Conserving Costumes: Wedding Dress Veil

Conserving Costumes: Wedding Dress Veil


NARRATOR: Beginning in the fall of 2014, the public will be able to view the result of the conservation project in the Harry Ransom Center’s 75th anniversary exhibition on “Gone With The Wind.” In these case of Scarlett’s blue velvet peignoir and wedding dress and veil, however, replicas will be used due to the delicate condition of the original costumes. Morena: This is the wedding veil that Scarlett wears during the ceremony to her first and very brief marriage to Charles Hamilton. There’s a certain type of tulle present on the wire cap, and those fibers are simply beginning to disintegrate. The tulle of the long veil is a different material, and it has become very brittle and very crunchy, almost, to the touch. It is very risky to move or even handle it. With certain kinds of fragile materials like this tulle, disintegration can be inevitable. The fibers begin to break down, and it’s irreversible. Varnell: One of the responsibilities of a conservator is to know when to not treat something. When to leave it alone. I could try to straighten it out. I could try to stabilize it. I could even replace parts of it. But the risk would be so great, the gain so minimal, that there’s no point. So it can be hard sometimes to decide to do nothing, but sometimes the best thing you can do for something is nothing, except store it right and take care of it. Jill: The goal of conservation is to stabilize and preserve, while maintaining the integrity of the artifact. Because we want to minimize our influence, we accept many of the losses that have happened with the veil over time as part of its history. FOR MORE INFORMATION VISIT WWW.HRC.UTEXAS.EDU/CONSERVEDRESSES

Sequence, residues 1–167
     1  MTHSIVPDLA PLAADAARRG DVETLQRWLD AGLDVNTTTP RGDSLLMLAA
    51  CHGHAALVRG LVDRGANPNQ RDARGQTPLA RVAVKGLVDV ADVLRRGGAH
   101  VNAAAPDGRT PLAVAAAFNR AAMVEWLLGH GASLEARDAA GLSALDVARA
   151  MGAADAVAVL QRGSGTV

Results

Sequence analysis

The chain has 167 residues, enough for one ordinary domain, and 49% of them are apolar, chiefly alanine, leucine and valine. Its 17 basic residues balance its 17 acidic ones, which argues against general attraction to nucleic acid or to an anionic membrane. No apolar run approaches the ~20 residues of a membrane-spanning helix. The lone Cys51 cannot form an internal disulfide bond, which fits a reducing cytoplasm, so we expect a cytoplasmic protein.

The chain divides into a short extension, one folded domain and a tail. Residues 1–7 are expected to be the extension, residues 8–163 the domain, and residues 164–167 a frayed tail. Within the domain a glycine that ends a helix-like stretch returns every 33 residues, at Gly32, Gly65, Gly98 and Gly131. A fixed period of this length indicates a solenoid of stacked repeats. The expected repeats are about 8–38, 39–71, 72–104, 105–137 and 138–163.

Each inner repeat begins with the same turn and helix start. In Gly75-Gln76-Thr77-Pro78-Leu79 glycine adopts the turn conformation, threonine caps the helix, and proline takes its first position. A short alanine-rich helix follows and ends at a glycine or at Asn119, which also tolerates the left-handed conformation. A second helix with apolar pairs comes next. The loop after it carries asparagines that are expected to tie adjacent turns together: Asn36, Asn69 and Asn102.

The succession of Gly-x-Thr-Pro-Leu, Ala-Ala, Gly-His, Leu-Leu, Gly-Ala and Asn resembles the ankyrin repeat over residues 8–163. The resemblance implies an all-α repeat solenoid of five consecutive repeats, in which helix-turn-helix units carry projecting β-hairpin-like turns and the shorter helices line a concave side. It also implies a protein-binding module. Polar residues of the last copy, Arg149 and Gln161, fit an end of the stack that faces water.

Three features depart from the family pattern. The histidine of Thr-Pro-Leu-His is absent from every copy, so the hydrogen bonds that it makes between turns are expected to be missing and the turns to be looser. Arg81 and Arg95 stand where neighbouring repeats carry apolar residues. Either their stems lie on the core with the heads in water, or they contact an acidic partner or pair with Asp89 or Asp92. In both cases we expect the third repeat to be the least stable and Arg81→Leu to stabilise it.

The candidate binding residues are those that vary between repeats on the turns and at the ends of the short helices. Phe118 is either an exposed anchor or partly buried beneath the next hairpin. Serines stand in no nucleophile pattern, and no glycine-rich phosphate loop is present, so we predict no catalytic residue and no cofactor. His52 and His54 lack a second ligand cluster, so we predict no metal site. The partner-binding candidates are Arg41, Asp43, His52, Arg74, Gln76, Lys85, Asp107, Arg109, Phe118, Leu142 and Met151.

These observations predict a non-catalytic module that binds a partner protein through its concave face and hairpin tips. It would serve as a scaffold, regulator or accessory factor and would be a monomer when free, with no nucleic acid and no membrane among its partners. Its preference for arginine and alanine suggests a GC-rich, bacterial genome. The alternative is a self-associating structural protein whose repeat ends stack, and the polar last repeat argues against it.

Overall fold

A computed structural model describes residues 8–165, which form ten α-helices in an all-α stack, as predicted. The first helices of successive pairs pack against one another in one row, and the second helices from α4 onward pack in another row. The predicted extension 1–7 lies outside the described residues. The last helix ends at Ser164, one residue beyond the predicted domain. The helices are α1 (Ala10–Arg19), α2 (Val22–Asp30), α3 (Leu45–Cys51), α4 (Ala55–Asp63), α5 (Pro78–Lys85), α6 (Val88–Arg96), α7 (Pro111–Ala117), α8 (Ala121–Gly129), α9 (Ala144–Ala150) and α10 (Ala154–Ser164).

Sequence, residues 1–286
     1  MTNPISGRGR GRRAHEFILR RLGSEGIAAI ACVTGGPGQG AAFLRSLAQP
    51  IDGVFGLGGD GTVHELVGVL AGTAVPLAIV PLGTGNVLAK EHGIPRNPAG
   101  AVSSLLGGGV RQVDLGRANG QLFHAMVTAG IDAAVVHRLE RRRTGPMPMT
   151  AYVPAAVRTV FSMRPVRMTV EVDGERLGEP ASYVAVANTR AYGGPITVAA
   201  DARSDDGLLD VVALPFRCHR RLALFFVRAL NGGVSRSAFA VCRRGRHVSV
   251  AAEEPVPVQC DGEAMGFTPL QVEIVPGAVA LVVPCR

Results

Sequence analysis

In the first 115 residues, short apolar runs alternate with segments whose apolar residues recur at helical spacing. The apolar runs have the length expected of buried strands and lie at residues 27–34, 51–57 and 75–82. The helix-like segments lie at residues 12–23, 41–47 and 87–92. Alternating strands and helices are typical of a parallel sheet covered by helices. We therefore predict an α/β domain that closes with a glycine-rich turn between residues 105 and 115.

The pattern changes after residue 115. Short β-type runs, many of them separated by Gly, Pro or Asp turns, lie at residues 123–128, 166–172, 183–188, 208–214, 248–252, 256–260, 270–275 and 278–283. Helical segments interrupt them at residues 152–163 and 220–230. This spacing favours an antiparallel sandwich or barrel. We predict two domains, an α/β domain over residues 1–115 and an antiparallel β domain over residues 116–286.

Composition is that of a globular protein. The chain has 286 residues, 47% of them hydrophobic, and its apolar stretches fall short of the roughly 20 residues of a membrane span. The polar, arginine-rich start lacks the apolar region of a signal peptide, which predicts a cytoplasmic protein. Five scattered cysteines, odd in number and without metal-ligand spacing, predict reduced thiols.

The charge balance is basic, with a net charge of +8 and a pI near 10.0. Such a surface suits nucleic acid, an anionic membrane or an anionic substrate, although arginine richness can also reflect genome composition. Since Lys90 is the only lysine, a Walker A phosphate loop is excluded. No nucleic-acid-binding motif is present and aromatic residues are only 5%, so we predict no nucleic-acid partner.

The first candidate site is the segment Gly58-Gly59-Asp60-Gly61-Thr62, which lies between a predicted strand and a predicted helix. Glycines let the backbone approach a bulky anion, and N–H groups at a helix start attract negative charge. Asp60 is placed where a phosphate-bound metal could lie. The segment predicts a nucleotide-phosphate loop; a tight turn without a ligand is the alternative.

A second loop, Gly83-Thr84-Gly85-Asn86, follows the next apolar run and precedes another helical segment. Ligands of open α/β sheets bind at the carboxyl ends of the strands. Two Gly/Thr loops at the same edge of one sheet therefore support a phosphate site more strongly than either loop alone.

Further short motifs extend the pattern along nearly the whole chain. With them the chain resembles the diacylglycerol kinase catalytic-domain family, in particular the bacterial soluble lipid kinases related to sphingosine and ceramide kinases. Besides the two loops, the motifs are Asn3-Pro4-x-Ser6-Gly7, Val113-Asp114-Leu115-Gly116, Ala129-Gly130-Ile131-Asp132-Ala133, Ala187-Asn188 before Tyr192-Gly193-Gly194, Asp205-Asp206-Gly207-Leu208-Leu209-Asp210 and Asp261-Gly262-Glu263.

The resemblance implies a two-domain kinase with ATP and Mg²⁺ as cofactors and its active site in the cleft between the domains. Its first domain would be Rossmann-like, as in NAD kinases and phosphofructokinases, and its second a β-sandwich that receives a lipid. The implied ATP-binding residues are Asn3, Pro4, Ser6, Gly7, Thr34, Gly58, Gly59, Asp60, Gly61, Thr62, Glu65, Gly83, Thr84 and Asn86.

Leave a Reply

Your email address will not be published. Required fields are marked *